In 1975, when I had just turned 9, my father was killed by terrorists.
He was supposed to be home early on that Jan. 24 for a family celebration of my birthday and that of my brother, who had just turned 11. Instead, while my father was at a business lunch at the historic Fraunces Tavern in New York’s financial district, a bomb exploded, killing him and three others. One of my father’s colleagues was decapitated, and silverware from the table was lodged in the torsos of the other victims. The Armed Forces of National Liberation, or FALN, a Puerto Rican terrorist group, claimed responsibility.
My father was just 33. Up to that point, his life had been an American success story. The only child of immigrants, he was raised in Washington Heights, a blue-collar section of Manhattan. He worked his way through college and went on to a job at J.P. Morgan, a firm at which his mother had worked nights as a cleaning lady. He was a terrific father. His death has left a gaping hole in our lives.
Now my family is facing a blow of a different kind.
President-elect Barack Obama has nominated a man to be his attorney general who was closely involved in former President Clinton’s decision as he was leaving office to pardon 16 FALN members convicted on conspiracy and weapons charges. Though no one was ever charged specifically with the Fraunces Tavern bombing, the FALN proudly claimed responsibility for it amid more than 100 others. Its attacks killed six people and wounded scores of others. Tellingly, the bombings stopped after 10 FALN members were convicted of conspiracy and weapons offenses and sent to prison in 1981. They were among those Clinton chose to pardon.
At the time of the pardons, Eric H. Holder Jr. was deputy attorney general. In considering his department’s recommendation on clemency, he met with supporters of the terrorists but ignored their victims. He pushed staff members to drop their strong opposition to a presidential pardon for the FALN members and alter a report they had prepared for the president recommending against clemency. Today, although two turned down their pardons because they were unwilling to renounce violence, many of the convicted FALN members walk free. And a man who was instrumental in their release may become the highest law enforcer in the land.
Holder said at his confirmation hearing Thursday that he thought Clinton’s decision to pardon the FALN members was “reasonable.” But they were bad people. During their Chicago trial, some of them threatened the life of Judge Thomas McMillen, who was hearing the case. Carmen Valentin, one of those later pardoned by Clinton, told the judge, “You are lucky that we cannot take you right now,” and she told other officers of the court, “You will be walking with canes and wheelchairs. ... Revolutionary justice can be fierce.” She also declared war against the United States. Dylcia Pagan, another recipient of Clinton’s gift, warned the courtroom: “All of you, I would advise you to watch your backs.” McMillen was convinced the defendants would continue being terrorists as long as they lived. “If there was a death penalty,” he said at their sentencing, “I’d impose the penalty on you without hesitation.”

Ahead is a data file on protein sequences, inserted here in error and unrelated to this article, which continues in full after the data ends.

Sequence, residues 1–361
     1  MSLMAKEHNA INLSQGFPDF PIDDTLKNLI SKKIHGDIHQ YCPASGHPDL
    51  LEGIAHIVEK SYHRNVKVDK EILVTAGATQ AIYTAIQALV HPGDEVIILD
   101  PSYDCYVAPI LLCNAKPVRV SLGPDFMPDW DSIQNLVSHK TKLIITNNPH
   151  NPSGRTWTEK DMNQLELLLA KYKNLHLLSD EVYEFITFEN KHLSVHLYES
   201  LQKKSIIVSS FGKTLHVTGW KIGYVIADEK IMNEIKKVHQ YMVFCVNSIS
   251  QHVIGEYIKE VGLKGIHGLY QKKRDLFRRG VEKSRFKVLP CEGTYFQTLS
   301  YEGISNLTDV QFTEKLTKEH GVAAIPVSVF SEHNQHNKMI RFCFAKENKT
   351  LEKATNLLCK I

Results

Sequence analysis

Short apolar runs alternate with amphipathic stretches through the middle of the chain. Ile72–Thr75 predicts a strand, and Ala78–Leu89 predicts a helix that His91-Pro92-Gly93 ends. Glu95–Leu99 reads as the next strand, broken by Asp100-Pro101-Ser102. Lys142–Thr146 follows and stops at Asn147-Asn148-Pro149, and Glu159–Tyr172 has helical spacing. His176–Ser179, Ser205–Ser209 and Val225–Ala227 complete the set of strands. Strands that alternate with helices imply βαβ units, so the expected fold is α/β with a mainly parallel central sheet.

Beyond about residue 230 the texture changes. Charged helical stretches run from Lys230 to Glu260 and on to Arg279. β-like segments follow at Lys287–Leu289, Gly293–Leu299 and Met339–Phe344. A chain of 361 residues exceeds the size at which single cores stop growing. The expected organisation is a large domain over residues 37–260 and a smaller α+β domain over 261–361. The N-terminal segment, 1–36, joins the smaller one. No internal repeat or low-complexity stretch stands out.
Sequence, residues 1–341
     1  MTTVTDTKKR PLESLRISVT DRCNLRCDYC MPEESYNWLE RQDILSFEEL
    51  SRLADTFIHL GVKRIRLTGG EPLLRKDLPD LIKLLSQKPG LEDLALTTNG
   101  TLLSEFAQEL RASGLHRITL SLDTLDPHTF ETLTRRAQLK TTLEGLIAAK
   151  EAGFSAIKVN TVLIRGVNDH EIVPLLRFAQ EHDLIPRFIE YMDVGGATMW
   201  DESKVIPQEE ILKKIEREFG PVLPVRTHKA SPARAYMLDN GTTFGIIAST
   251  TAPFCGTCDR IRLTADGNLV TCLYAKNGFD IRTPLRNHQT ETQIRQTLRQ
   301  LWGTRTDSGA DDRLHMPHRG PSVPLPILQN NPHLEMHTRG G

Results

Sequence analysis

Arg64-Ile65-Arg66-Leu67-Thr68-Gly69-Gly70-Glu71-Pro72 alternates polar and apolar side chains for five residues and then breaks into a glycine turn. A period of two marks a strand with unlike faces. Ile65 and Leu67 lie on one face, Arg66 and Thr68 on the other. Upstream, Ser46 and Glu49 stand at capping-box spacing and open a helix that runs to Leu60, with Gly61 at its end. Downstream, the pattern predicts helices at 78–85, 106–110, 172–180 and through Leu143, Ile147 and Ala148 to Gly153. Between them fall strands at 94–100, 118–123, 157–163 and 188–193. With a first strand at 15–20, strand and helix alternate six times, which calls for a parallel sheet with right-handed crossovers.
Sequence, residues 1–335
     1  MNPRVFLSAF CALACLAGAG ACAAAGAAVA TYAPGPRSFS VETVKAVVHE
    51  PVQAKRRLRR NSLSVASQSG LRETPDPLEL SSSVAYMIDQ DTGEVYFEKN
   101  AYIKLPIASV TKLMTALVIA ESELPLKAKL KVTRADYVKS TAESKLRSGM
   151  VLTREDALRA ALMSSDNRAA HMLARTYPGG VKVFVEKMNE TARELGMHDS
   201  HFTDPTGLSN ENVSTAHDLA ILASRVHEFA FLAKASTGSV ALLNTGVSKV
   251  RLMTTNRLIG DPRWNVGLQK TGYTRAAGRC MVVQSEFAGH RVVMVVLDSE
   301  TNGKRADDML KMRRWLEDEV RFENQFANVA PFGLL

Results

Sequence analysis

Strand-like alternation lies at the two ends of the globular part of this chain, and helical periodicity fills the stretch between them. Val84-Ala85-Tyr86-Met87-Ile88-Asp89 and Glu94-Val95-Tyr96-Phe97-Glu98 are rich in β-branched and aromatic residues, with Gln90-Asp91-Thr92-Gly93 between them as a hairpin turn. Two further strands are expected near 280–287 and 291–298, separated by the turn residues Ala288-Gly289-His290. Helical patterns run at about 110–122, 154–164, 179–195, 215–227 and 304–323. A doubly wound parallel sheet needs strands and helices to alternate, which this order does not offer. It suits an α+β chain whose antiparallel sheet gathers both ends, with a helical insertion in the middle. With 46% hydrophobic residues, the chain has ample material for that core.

From the FALN, my family learned about the inexplicable randomness of terrorism. But we never saw ourselves as victims. My brother, Tom, and I were pushed to self-sufficiency and rose to the challenge, focusing on school and sports and college, beginning careers, marrying and having kids.
We went on because we couldn’t let my father’s memory down. Not to overcome the obstacle of his death would have diminished the meaning of his life, and we loved him far too much for that. But we’ve remained aware that terrorism can strike anywhere, any time. We haven’t had the luxury of forgetting that.
On Sept. 11, 2001, Tom and I were commuting together to our downtown jobs. Soon after we parted, I watched, horrified, as first one and then another plane hit the World Trade Center. I thought I might die that day but I managed to get home to my wife, Danielle, and our kids.
Our closest cousin -- my father’s godson -- did not get home that night. Steven Schlag, 41, worked on the 104th floor of the North Tower. He died that day, leaving a wife and young children.
We Americans have to make clear that we will not tolerate officials who would put our lives in jeopardy by releasing terrorists. It is a disrespectful affront to all Americans, particularly to those of us who have come face to face with their violence.
Joseph F. Connor works in finance in New York.